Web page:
An Animated Introduction to Samuel Beckett, Absurdist Playwright, Novelist & Poet

Though he’s best known for his spare, absur­dist tragi­com­e­dy, Wait­ing for Godot, play­wright, poet, and nov­el­ist Samuel Beck­ett wrote what might be his most-quot­ed line at the end of The Unnam­able, the third book in a hyp­not­ic tril­o­gy that begins with Mol­loy and con­tin­ues with Mal­one Dies: “I can’t go on, I’ll go on.”

These nov­els, and the orig­i­nal Godot, were all writ­ten in French, then trans­lat­ed into Eng­lish by Beck­ett him­self. But Beck­ett was an Irish writer, who—like his con­tem­po­rary, hero, coun­try­man, and almost-father-in-law James Joyce—lived most of his life in vol­un­tary exile. Like Joyce, Beck­ett wrote about Irish char­ac­ters, and his “theme,” not­ed a 1958 New York Times review­er of The Unnam­able, “is the very Irish one in this cen­tu­ry: the iden­ti­ty of oppo­sites.”

Noth­ing in Beck­ett encap­su­lates this idea more con­cise­ly than the sev­en-word con­clud­ing line of The Unnam­able. It’s a sen­tence that sums up so much of Beckett—his ellip­ti­cal apho­risms; his dry, acer­bic wit; and his unwa­ver­ing stare into the abyss. As one con­tem­po­rary of his sug­gest­ed, Beck­ett will remain rel­e­vant “as long as peo­ple still die.” His pri­ma­ry sub­ject is indeed one of the few tru­ly uni­ver­sal themes.

But to only think of Beck­ett as mor­bid is not to read Beck­ett or see his work per­formed. While he can be unre­lent­ing­ly grim, he is also nev­er not in con­trol of the dry humor of his voice. In his ani­mat­ed School of Life intro­duc­tion to Beck­ett above, Alain de Bot­ton begins with an anec­dote about Beck­ett at a much-antic­i­pat­ed crick­et match. Observ­ing the per­fect weath­er, a com­pan­ion of his remarked, “This is the sort of day that would make you glad to be alive.” To which Beck­ett replied, “I wouldn’t go as far as that.”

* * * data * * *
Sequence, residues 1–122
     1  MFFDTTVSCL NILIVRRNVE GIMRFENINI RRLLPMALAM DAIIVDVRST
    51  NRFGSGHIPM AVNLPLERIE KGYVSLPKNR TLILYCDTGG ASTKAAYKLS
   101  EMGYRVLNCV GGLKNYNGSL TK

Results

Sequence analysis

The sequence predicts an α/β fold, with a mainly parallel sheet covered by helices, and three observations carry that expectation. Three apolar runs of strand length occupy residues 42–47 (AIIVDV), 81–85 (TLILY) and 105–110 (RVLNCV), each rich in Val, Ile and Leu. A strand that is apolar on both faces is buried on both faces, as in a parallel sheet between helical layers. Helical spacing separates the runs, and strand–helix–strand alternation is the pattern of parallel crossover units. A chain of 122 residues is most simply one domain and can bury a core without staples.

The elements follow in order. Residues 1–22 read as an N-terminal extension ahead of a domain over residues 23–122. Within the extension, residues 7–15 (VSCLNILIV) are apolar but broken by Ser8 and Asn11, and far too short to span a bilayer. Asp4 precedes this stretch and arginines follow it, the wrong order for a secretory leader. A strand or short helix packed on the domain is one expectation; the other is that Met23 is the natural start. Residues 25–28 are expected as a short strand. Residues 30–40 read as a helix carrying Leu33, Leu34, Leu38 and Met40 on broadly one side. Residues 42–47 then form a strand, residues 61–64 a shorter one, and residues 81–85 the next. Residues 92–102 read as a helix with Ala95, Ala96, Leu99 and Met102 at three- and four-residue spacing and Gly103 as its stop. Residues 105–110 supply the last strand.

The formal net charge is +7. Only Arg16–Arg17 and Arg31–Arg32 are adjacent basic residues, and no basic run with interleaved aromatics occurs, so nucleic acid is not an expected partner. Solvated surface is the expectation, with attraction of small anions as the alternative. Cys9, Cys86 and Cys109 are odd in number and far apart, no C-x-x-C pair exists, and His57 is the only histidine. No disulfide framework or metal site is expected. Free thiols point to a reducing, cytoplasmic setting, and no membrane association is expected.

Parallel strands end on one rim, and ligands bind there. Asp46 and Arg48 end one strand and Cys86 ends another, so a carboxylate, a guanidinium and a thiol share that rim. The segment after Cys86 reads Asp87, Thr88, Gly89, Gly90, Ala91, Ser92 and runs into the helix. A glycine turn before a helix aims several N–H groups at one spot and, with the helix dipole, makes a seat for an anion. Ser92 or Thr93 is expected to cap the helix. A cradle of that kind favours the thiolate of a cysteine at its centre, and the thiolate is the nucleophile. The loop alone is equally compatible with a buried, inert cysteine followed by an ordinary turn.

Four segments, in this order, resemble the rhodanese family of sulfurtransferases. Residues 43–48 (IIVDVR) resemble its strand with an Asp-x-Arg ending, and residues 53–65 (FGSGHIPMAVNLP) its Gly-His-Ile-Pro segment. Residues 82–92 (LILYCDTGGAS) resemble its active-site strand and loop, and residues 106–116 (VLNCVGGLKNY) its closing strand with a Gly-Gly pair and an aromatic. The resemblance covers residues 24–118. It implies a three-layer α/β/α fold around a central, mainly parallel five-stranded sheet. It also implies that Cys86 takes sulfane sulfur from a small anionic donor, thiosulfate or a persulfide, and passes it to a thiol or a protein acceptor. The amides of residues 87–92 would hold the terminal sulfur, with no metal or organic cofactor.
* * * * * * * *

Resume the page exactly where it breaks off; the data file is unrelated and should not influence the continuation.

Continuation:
The sto­ry, de Bot­ton, says, “nice­ly encom­pass­es two aspects of Samuel Beck­ett: his famous­ly bleak view of life, and his mor­dant sense of humor.” They are qual­i­ties that for Beck­ett have the sta­tus of philo­soph­i­cal principles—though the author him­self had a very fraught, almost aller­gic, rela­tion­ship to phi­los­o­phy. He gave up teach­ing ear­ly in his career, as we learn in the video, because “he felt he could not teach to oth­ers what he did not know him­self.” When a ver­sion of Wait­ing for Godot debuted in 1952, Beck­ett sent a note to be read in his place. He wrote, in part:

All I knew I showed. It’s not much, but it’s enough for me, by a wide mar­gin. I’ll even say that I would have been sat­is­fied with less. As for want­i­ng to find in all that a broad­er, lofti­er mean­ing to car­ry away from the per­for­mance, along with the pro­gram and the Eski­mo pie, I can­not see the point of it. But it must be pos­si­ble …

The neces­si­ty of the point­less exer­cise; the rich­ness in the pover­ty of existence—stripped of its pre­tense and grand, self-impor­tant nar­ra­tives.… These ideas arise from “the themes of fail­ure that so dom­i­nate his work,” says de Bot­ton. Though Beck­ett resist­ed inter­pre­ta­tion in his own writ­ing, he wrote an ear­ly study of Mar­cel Proust that inter­pret­ed the French author’s work as a phi­los­o­phy of life which rests “on the mak­ing and appre­ci­a­tion of art.” Giv­en that this is a School of Life video, this inter­pre­ta­tion becomes the favored way to read Beck­ett. There are many oth­ers. But as the title of a 1994 Samuel Beck­ett read­er—I Can’t Go On, I’ll Go On—sug­gests, every approach to Beck­ett must some­how try to account for the stub­born inten­si­ty of his con­tra­dic­tions.

Relat­ed Con­tent:

Hear Samuel Beckett’s Avant-Garde Radio Plays: All That Fall, Embers, and More

When Samuel Beck­ett Drove Young André the Giant to School: A True Sto­ry

The Books Samuel Beck­ett Read and Real­ly Liked (1941–1956)

How James Joyce’s Daugh­ter, Lucia, Was Treat­ed for Schiz­o­phre­nia by Carl Jung

Josh Jones is a writer and musi­cian based in Durham, NC. Fol­low him at @jdmagness

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